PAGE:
Her Sense - Women, Technology and Intervention
Read more about the process: Design Research and Narratives
In her book, See Yourself Sensing, architect and filmmaker Madeline Schwartzman writes, “Physical appearance is a potent tool for communicating identity, beliefs and values.” Near the end of May’s thesis work, Facebook had just released DeepFace, its online face-recognition technology. May began to imagine a near future where she could leverage this technology to deliberately serve women, and designed Lookbot.
LookBot is a smart robot that lives in a woman’s purse. It is constantly scanning its surroundings, looking for people’s faces.
Here’s how it works:
1. LookBot analyzes nearby people’s faces—whether the user is walking around the city, in the office, or at a social gathering.
2. LookBot compares what it sees with information from social media-networking sites such as LinkedIn and Facebook, matching online profiles with the faces that it sees.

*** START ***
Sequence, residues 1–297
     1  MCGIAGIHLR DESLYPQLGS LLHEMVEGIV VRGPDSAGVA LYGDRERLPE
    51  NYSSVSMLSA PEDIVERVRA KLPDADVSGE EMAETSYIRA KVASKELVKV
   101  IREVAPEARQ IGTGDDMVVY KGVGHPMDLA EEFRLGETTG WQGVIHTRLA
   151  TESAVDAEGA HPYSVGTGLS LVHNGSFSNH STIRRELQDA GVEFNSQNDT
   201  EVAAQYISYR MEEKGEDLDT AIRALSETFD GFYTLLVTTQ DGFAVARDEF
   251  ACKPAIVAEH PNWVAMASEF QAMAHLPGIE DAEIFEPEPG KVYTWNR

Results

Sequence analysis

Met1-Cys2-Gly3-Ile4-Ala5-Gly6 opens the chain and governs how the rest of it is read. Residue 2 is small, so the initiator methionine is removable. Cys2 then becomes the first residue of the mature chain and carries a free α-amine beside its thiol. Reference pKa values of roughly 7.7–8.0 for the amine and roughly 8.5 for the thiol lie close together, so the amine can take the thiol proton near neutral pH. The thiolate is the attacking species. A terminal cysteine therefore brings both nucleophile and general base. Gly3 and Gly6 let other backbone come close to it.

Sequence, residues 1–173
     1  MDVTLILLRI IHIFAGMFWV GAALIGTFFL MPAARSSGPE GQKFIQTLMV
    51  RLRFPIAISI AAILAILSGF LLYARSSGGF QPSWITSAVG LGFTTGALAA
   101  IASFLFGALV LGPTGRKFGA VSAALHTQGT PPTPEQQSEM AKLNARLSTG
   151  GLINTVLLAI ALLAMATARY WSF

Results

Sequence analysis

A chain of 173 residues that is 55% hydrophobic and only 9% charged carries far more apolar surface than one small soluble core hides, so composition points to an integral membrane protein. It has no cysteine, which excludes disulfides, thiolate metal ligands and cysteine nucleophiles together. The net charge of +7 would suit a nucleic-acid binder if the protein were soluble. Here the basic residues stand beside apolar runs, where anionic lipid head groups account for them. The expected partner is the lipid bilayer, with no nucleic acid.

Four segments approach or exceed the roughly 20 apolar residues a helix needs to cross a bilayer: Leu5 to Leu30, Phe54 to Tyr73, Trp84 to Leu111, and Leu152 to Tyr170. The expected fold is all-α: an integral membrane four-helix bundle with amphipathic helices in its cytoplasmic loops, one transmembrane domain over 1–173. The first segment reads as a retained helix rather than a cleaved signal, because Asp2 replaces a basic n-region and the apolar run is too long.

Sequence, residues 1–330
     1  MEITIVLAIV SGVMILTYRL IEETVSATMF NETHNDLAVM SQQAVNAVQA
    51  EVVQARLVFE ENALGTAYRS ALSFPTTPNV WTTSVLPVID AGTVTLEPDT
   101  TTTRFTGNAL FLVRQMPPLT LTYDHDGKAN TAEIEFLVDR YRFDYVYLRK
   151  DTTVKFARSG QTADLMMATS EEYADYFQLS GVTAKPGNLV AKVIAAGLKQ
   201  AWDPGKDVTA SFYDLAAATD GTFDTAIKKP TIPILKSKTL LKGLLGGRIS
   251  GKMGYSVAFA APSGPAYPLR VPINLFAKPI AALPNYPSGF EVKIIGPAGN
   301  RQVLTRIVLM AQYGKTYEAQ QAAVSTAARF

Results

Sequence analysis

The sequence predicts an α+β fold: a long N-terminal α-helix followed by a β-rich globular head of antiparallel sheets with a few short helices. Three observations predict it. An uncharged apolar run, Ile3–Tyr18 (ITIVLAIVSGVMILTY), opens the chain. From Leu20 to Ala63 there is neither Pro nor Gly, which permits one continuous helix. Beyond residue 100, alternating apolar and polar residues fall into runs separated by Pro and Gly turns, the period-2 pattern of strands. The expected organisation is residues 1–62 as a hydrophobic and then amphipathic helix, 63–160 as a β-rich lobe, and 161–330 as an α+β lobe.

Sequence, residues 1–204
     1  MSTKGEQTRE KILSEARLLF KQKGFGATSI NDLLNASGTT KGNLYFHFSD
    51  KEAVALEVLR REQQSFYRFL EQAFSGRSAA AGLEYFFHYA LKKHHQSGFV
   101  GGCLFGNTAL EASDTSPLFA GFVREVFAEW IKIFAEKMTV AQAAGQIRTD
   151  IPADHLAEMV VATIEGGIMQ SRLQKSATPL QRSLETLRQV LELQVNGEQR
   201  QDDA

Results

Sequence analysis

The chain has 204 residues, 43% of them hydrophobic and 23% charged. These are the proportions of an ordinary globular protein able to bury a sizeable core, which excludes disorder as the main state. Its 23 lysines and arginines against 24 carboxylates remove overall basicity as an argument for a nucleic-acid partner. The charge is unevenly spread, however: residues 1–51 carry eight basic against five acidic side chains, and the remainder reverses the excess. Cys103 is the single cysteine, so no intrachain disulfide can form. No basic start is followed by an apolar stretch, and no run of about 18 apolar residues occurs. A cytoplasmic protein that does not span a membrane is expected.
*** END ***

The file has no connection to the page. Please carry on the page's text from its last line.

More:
3. When LookBot identifies a potential networking candidate (based on the user’s own social and work profile)—say an industry leader, mentor, role model, or business partner—it sends a notification to the user’s smartphone or smartwatch with the appropriate information, such as the person’s name, occupation, company, and specific location. It can even suggest a “meet up.”
Let’s take a closer look: In this example, a woman is sitting in a coffee shop, and LookBot recognizes Ayah Bdeir, the CEO of littleBits—a highly respected leader in technology and hardware. Her current interest is helping people in #Nepal. In this scenario, the user may decide to approach Ayah, introduce herself, and perhaps start a conversation.
In this example, this woman is sitting in a coffee shop and LookBot recognizes Ayah Bdeir, who is the CEO of littleBits—a highly-respected leader in technology and hardware. Her current interest is helping people in #Nepal. In this instance, the user can decide to approach Ayah, introduce herself, and perhaps start a conversation.